morphed to TTL part number history, was: IBM PLAYING CARDS
cclist at sydex.com
Sun Dec 18 16:12:03 CST 2005
I was talking with a fellow who worked for a local pipe organ builder (now
retired) about their needs for logic in the adjustable combination actions
of their instruments. For non-organists, this basically is the mechanism
that allows a player to set combination of stops so that they are actuated
by depressing a button or a toe stud. Basically a memory with a bit of
control logic driving some actuators connected to the drawknobs.
Given that we still have instruments around that were built in the 13th
century, I asked the guy what they did about making sure that there was a
100-200 year supply of replacement ICs. IIRC, they used mostly 74LS TTL
and some CMOS and a bunch of power Darlingtons,etc. (a bit more about that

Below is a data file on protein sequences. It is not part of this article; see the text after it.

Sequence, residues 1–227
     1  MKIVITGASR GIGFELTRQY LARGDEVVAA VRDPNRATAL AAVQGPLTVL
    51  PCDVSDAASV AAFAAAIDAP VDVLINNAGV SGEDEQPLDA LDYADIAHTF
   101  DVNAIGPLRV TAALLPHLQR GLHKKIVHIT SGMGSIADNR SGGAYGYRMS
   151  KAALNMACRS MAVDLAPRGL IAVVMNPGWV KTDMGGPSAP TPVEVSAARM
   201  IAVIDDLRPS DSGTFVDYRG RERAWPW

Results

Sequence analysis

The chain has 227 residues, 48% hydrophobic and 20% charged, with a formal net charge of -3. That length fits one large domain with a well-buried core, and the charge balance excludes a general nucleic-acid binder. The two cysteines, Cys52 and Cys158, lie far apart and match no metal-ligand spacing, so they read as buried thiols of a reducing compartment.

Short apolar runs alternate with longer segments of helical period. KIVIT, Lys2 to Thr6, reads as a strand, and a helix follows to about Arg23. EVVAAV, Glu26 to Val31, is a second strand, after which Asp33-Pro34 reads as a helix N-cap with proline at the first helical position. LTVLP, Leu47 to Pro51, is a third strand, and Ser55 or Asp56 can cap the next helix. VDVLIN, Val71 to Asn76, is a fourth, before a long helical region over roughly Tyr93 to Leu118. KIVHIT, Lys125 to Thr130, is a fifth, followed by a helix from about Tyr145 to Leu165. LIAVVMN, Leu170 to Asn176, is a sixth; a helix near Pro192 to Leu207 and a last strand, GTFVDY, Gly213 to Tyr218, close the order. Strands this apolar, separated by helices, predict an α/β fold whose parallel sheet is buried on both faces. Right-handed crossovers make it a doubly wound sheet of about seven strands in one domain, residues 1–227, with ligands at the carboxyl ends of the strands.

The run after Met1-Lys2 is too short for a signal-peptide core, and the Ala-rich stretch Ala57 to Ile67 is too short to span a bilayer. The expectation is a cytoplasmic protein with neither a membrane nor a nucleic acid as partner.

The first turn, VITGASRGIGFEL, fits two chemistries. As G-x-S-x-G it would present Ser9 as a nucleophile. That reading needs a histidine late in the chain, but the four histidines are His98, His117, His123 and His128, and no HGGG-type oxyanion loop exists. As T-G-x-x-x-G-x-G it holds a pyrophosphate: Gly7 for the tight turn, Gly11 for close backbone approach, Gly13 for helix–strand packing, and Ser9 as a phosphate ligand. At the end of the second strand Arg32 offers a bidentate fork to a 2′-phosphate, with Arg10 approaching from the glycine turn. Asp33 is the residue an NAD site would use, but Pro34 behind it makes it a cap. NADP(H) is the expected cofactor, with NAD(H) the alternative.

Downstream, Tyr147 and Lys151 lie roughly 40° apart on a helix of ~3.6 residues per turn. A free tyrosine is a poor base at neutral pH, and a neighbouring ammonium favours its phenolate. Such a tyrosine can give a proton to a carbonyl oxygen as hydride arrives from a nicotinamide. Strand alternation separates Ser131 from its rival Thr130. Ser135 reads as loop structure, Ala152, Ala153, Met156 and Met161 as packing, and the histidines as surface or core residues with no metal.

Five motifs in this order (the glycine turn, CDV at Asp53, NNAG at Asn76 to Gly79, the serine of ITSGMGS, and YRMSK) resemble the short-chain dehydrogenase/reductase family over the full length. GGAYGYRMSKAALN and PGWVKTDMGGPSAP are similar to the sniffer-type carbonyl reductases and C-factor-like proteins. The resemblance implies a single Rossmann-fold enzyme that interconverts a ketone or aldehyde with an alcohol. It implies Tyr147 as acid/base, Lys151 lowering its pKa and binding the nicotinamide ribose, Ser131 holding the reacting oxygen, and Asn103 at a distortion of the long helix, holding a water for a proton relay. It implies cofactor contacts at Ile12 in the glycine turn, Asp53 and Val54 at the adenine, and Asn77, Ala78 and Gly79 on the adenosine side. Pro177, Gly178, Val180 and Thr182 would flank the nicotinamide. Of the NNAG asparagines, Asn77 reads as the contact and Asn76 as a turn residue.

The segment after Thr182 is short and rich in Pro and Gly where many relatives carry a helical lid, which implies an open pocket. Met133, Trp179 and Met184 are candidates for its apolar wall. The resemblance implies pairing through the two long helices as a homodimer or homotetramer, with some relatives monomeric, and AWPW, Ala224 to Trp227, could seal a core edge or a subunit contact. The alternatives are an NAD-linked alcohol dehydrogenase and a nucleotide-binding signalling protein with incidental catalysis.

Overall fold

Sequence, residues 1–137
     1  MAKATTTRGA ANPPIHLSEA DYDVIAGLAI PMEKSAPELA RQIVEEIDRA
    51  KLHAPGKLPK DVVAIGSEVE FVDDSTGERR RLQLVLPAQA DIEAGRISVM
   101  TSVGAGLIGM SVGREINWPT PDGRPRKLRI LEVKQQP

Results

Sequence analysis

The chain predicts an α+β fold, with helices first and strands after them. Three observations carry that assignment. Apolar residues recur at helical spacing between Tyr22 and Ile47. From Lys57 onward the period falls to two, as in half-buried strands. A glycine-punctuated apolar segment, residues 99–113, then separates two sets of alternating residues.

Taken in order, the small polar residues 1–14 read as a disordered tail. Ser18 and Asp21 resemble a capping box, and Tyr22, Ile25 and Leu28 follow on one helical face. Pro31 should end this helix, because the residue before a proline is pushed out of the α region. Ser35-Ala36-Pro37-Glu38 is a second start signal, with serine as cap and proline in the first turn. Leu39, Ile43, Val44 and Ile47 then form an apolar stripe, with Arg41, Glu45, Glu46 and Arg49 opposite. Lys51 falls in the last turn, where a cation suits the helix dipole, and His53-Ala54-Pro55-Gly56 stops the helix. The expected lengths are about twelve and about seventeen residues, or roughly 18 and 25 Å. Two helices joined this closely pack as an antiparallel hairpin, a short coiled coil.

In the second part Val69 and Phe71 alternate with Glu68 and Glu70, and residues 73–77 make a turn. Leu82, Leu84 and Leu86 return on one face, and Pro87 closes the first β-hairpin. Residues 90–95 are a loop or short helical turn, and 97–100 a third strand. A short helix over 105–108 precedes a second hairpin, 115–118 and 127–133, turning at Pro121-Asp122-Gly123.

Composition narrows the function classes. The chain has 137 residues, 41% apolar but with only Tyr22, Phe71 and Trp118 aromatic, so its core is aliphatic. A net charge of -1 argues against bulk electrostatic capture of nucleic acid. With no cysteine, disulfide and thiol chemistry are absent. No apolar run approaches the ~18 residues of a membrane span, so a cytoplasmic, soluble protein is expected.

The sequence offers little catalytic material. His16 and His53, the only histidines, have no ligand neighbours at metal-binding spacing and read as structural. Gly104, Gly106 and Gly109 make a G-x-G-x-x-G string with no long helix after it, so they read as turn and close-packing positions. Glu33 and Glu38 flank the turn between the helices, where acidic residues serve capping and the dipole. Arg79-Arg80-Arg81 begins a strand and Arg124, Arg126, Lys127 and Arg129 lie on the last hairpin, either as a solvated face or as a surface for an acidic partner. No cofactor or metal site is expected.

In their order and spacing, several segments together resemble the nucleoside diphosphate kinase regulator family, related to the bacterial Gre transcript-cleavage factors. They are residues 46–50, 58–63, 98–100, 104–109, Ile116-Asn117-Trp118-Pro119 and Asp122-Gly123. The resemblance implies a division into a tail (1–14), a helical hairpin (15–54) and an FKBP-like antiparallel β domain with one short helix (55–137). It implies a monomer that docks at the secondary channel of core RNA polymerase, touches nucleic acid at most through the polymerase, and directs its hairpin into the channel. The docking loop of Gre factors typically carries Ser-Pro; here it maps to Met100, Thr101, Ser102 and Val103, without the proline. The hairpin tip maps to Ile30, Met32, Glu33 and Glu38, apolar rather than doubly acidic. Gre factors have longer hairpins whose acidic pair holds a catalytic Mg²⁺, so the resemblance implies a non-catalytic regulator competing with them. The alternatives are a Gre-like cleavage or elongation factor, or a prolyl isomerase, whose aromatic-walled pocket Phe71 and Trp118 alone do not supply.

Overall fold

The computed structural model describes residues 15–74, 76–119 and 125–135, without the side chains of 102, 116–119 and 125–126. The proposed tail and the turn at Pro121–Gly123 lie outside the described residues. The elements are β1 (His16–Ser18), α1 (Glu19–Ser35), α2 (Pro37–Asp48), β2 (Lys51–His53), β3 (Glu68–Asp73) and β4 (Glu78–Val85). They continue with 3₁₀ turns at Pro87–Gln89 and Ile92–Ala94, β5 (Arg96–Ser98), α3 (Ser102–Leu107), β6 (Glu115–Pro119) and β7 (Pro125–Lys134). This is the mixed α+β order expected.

later). He replied that they make up a care kit with 2 of everything and
place it safely away inside the console. I opined that this hardly seemed
like enough. He said that the function was simple enough that the kit was
mostly to get one past minor repairs; they expected that periodic redesigns
would be routlinely undertaken with the appropriate modern logic.
BTW, the power components are mostly for visual effect. He said that if a
tracker action instrument (which is what they made) was being installed,
organists demanded drawknobs that moved and not simple buttons, which would
be far easier to accomodate. Go figure.
A couple of years ago, I was reading about the lock controls on the Panama
Canal and, at least until a few years ago, they're still original
equipment installed in the 1910's, all that nice brass and mahogany stuff.
I read that a microprocessor-based system is slated to replace the old
circuitry; anyone want to guess if it'll still be intact 90 years after
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